COVID-19 vaccines made by AstraZeneca and the Pfizer-BioNTech alliance remain broadly effective against Delta and Kappa variants of the coronavirus, which were first identified in India, according to a scientific study, underpinning a continued push to deliver the shots.
The study by Oxford University researchers, published in the journal Cell, investigated the ability of antibodies in the blood from people, who were vaccinated with the two-shot regimens, to neutralise the highly contagious Delta and Kappa variants, a statement said.
“There is no evidence of widespread escape suggesting that the current generation of vaccines will provide protection against the B.1.617 lineage,” the paper says, referring to the Delta and Kappa variants by a commonly used code.
However, the concentration of neutralising antibodies in the blood was somewhat reduced, which may lead to some breakthrough infections, they cautioned.
Last week, an analysis by the Public Health England showed that vaccines made by Pfizer and AstraZeneca offer high protection of more than 90 per cent against hospitalisation from the Delta variant.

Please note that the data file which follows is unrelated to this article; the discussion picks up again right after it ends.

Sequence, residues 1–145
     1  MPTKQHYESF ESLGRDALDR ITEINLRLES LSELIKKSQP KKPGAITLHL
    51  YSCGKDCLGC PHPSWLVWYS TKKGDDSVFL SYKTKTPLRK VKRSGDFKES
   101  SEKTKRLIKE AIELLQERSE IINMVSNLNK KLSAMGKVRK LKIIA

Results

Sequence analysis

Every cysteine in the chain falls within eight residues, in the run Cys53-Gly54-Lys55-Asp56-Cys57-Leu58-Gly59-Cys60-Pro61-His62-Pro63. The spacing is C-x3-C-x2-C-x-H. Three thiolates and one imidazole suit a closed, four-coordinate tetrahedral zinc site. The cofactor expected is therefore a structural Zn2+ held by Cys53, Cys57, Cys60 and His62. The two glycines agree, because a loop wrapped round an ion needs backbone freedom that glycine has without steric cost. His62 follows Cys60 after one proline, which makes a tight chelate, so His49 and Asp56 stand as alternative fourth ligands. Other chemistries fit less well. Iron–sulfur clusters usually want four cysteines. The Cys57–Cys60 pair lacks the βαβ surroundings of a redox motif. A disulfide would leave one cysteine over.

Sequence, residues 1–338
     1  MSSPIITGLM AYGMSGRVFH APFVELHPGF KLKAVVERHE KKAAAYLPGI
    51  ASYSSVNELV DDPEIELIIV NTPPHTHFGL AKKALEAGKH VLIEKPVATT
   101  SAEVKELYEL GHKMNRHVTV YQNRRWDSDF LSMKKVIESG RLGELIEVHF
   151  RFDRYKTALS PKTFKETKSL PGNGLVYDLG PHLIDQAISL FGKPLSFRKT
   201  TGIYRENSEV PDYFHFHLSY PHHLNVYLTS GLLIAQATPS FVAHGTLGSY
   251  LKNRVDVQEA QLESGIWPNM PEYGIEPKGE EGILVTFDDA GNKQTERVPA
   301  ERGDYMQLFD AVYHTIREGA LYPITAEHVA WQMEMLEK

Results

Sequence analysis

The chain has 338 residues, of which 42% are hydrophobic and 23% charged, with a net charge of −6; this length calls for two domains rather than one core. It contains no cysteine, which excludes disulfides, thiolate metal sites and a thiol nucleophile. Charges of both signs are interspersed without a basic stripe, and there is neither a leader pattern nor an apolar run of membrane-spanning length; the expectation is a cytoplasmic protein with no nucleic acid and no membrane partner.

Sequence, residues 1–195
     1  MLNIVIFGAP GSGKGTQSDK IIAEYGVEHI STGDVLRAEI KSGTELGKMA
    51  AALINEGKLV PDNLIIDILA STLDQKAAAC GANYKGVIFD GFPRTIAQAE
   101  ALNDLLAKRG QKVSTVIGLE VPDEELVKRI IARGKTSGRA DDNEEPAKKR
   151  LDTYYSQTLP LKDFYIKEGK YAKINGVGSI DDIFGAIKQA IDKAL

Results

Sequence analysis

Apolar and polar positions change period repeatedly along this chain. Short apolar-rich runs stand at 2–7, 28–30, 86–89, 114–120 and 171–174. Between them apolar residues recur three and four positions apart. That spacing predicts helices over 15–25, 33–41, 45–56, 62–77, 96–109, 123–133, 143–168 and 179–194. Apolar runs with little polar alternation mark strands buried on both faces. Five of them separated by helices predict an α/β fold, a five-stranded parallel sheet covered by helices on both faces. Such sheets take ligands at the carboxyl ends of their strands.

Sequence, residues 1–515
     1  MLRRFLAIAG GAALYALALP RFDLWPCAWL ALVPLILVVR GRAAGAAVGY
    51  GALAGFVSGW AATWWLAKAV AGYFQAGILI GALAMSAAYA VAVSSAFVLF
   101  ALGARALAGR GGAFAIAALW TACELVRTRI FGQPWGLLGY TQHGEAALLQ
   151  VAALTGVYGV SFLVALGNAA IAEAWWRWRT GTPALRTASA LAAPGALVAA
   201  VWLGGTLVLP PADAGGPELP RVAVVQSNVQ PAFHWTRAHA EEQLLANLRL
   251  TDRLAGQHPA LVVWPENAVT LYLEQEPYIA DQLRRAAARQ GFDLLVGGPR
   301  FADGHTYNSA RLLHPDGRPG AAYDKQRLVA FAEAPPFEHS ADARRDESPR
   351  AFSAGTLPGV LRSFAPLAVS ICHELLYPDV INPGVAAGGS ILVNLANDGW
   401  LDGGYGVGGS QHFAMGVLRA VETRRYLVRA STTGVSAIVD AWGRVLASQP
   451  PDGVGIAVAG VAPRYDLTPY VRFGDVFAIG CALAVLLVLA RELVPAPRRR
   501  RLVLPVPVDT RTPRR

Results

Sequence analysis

The Pfizer jab is 96% effective against hospitalisation after 2 doses, whilst the AZ jab is 92% effective.
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— Public Health England (@PHE_uk) June 22, 2021
“We are encouraged to see the non-clinical results published from Oxford and these data, alongside the recent early real-world analysis from Public Health England, provide us with a positive indication that our vaccine can have significant impact against the Delta variant,” AstraZeneca executive Mene Pangalos said in a separate statement.
The Delta variant is becoming the globally dominant version of the disease, the World Health Organisation’s chief scientist said on Friday.
The Oxford researchers also analysed reinfection patterns in people who had previously had COVID-19.
The risk of reinfection with the Delta variant appeared particularly high in individuals previously infected by the Beta and Gamma lineages that emerged in South Africa and Brazil, respectively.
By contrast, previous infection with the Alpha, or B117, variant first detected in Britain, conferred “reasonable” cross-protection against all variants of concern, lending itself as a template that next-generation vaccines could be moulded on.
“B117 might be a candidate for new variant vaccines to provide the broadest protection,” the researchers said.